Thursday, November 13, 2008

Ceviche!

I promised ceviche and here it is. Now before you start arguing with me about my recipe, let me preface it by saying that ceviche, otherwise known as the art of "cooking" fresh fish or seafood in lime juice mixed with other ingredients, is a popular dish across the length and breadth of Latin America. For that reason, there are as many versions of ceviche, each using local ingredients and methods, as there are countries in the Americas (probably more once we start counting different regions and districts).

This ceviche recipe is a Yucatec style dish, modelled after the ceviche that I have had the pleasure to eat at home in Belize. While in Belize Conch Ceviche, made from the tender and sweet foot of the queen conch snail, is a particular delicacy, I have not seen conch for sale in the fish-markets and shops of DC, so I am using another good choice: red snapper.

It is essential that your fish be as fresh as possible. You CAN NOT use frozen fish for this, it will turn out mushy and disgusting. Be warned, this recipe is spicy. If you don't like spicy, replace the habanero pepper with a dash of mild hot sauce, but the taste wont be the same.

Lyra's Red Snapper Ceviche
This is easily multiplied but makes enough for 3-4 as an appetizer, or dinner for 1 very hungry ceviche lover!

4-5 ounces of skinless red snapper fillet, as fresh as possible and not frozen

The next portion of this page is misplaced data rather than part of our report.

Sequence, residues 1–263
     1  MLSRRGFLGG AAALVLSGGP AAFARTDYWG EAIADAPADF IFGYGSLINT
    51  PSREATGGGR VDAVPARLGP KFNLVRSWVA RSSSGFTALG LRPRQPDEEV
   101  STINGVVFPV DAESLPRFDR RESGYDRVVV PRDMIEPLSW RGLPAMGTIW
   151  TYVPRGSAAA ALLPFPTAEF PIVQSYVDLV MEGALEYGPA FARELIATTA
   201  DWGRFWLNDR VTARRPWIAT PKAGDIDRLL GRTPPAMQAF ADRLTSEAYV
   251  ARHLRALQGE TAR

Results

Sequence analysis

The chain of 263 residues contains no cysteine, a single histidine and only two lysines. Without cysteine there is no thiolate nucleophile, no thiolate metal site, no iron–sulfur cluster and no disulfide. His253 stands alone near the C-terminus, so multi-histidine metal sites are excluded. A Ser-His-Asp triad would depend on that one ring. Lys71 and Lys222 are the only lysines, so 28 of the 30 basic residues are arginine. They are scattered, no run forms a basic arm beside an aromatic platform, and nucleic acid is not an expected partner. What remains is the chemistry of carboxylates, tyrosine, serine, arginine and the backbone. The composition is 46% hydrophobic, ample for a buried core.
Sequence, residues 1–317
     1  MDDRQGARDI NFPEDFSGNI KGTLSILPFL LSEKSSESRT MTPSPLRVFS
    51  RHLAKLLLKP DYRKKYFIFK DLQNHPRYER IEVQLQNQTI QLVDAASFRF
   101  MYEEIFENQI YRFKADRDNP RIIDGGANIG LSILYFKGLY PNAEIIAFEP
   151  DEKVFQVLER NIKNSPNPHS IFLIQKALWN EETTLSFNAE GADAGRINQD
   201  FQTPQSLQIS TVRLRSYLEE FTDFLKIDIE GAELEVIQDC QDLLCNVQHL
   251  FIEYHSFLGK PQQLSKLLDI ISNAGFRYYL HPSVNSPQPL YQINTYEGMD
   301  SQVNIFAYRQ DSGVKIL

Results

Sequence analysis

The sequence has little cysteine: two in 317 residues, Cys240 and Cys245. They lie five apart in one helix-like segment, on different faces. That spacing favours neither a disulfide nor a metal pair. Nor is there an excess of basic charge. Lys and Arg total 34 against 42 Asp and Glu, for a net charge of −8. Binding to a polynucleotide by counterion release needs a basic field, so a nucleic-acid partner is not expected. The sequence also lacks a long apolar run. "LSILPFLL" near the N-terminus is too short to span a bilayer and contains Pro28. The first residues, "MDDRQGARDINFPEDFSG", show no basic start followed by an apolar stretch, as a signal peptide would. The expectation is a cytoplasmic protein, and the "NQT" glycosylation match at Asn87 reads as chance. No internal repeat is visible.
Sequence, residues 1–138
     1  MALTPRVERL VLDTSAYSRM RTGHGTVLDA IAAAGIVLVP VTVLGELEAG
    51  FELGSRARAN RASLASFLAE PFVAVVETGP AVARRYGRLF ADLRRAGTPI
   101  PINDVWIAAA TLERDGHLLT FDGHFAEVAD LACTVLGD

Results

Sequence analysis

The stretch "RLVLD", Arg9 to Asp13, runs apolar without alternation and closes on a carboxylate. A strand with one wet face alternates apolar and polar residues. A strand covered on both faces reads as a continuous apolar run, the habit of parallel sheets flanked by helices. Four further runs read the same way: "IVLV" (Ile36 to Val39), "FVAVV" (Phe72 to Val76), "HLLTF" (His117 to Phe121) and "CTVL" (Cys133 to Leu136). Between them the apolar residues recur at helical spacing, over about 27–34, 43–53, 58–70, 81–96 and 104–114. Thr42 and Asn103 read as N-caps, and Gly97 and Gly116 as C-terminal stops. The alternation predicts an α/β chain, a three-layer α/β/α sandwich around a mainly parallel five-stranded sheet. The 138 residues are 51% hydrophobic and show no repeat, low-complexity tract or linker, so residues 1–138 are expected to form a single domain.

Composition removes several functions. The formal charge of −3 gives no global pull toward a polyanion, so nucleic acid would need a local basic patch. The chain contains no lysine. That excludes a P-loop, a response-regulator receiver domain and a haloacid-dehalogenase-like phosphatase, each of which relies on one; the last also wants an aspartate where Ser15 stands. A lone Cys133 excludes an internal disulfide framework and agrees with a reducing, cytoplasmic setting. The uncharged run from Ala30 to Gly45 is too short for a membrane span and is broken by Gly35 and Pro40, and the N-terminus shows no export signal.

one small handful of cilantro (the close, but stronger flavoured relative culantro is usually used in Belize)
2-3 large ripe limes
1 small habanero pepper, seeds removed and minced. (Jalapenos are a milder alternative)
1 small or 1/2 medium onion, finely minced
Salt and fresh ground black pepper to taste

Procedure:

1. Cut the snapper into bite sized pieces and place in a container that you can cover (I recommend glass over plastic, which absorbs the heat of the habanero).

2. Add the minced habanero and onion, salt and black pepper. Squeeze over enough fresh lime juice to cover the raw fish. Chop and mix in the cilantro.

3. Let the ceviche sit in the fridge for at least 2 hours so the lime juice can do its work, chemically "cooking" the fish flesh and making it white and firm. When the fish is no longer translucent, enjoy with some good quality tortilla chips (or make your own).

6 comments:

Chennette said...

The first time I had ceviche was actually in Belize - it was a shrimp ceviche and lovely.
And I much prefer culantro to cilantro :-) the latter has an odd taste if you use too much.

The TriniGourmet said...

Hey Chennette, small world :) Yeah I love culantro (chadon beni to us trinis :) ) and i really don't like cilantro, funny eh? :) lol.. that cerviche is lovely and looks just like the one served by one of my fave restaurants :)

Lyra said...

Hi Guys! Thanks for the comments. I did not know that culantro is called chadon beni in Trinidad, good to learn these things! I am thinking about buying some more snapper today to make ceviche again, because it is so tasty. I can eat this whole recipe by myself. I love conch ceviche especially, but you can't easily get that around here. How do they make ceviche in your countries?

Peruvia Cuisine said...

Hey Lira: congratulations! as a Peruvian Chef, I must say that the recipe looks great and the picture proves that your dish was good... I wish I could try a bit...

By the way, did you know there is a Ceviche made with Chicken? Yes, I will look after that recipe and post it. Congratulations again, and good bye.

Cynthia said...

You know what I love most about ceviche? the liquid - it is always sooooo good :)

Lyra said...

Yeah, that lime-pepper-fish combo is hard to beat. Of course, usually when I cook fish I marinade it in lime juice and habanero hot sauce beforehand as well, its just a good flavour combination!

Chicken ceviche-with raw chicken? I don't know if I would be up for tasting that one...may be just a tad too exotic for my blood.